On my only full day, I decided to go on an excursion to Krka National Park, as I had heard that the walks and waterfalls were absolutely incredible. I found the little museum of the water mills and old farming town interesting, and the walks along the boardwalk were enjoyable, but absolutely packed with people (and I apparently went on a quieter day!). I was so grateful to have downloaded my special app where I could delete people- just check out the difference!


On my final solo night in Split, I treated myself to an early dinner and hiked up the Marjan Park Hill to enjoy the sunset. I had been warned that the promenade of Split would be busy due to a memorial service of one of the country’s National heroes and singers, Oliver Dragojevic, but I was not prepared for HOW busy it was going to be. It was almost impossible to move against the crowds, but once I was away from it all, it was a pretty impressive sight to look back on. Navy ships led a procession out of the harbour with thousands of people singing and bidding farewell to what must have been an incredible man. The views of the sunset were spectacular and definitely worth the hike.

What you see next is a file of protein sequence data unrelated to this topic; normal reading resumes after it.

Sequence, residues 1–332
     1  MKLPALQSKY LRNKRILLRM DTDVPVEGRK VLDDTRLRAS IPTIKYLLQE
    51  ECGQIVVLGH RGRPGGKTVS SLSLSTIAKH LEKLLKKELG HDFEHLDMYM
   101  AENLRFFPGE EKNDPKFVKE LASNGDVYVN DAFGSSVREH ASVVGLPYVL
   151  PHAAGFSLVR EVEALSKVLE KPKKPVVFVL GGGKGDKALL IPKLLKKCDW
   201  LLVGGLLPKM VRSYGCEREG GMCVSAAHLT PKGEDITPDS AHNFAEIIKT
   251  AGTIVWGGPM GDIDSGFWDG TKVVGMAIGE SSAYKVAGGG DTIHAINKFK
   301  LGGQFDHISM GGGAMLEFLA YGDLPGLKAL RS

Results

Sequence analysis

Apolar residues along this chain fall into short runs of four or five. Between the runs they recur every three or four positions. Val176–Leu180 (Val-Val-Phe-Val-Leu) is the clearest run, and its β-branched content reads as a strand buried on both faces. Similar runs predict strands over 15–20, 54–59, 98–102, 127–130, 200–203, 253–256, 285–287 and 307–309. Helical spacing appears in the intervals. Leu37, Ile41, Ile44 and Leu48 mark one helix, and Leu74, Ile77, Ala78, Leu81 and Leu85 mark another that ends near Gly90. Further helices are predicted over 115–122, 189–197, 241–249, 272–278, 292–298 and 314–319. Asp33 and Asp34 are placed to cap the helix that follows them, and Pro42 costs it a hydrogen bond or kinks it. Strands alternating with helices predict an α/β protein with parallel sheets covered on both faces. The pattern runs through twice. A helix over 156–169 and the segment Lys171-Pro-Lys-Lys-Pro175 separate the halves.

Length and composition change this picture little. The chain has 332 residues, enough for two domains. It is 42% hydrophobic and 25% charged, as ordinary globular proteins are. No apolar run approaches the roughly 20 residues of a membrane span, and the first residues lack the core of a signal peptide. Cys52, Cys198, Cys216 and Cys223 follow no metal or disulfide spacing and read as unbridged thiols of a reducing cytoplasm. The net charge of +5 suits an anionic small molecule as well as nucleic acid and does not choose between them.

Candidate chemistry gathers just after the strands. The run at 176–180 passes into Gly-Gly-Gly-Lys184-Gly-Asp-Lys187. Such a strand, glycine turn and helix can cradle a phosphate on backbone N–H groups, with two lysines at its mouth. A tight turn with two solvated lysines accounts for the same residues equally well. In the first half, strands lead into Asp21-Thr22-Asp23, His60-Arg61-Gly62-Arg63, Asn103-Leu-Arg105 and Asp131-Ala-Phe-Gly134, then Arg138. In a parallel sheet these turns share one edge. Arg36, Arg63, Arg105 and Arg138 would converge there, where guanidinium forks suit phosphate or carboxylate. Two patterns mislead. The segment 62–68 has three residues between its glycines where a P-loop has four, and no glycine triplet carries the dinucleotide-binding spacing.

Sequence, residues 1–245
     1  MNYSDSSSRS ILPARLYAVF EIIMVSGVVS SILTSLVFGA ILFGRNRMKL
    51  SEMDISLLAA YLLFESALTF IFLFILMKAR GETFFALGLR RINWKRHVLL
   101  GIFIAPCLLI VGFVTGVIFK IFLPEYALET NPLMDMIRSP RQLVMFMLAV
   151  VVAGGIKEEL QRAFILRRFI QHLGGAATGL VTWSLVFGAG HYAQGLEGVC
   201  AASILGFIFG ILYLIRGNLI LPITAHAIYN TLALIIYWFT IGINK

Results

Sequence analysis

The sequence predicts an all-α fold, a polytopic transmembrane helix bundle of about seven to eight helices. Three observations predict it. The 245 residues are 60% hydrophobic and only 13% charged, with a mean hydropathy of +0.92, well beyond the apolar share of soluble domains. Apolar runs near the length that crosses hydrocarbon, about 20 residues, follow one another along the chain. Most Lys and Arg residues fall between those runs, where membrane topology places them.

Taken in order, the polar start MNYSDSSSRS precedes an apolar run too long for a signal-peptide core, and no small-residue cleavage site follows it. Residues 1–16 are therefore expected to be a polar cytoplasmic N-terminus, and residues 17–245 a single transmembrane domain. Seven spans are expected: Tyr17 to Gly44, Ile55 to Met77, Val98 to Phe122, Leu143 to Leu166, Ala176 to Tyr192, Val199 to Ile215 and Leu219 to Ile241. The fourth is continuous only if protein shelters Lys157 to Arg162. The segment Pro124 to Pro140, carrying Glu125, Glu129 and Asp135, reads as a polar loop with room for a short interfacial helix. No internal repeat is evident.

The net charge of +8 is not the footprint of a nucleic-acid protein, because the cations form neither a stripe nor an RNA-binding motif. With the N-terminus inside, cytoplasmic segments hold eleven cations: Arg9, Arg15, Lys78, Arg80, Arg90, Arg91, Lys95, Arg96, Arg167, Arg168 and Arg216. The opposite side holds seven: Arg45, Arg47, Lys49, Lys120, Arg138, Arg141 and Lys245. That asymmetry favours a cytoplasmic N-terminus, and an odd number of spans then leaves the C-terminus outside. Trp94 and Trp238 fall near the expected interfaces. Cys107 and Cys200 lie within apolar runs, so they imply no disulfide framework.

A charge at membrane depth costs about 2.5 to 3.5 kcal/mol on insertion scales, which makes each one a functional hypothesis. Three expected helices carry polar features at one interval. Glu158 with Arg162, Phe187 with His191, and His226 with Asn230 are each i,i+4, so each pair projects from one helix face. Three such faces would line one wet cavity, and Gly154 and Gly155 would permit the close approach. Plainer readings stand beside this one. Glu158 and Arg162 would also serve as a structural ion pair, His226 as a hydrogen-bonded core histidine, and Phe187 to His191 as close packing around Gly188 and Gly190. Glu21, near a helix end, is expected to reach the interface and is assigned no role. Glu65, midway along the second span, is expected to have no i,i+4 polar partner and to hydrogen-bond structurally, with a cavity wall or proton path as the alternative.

The next day marked the start of seven nights on a boat. The boat was by no means luxury, and I was not expecting this at all. Small, hot rooms, showers over the toilets, limited space. But my oh my, what a fun week. Upon meeting our fellow passengers and having our first meal together on board, we were off to the island of Hvar.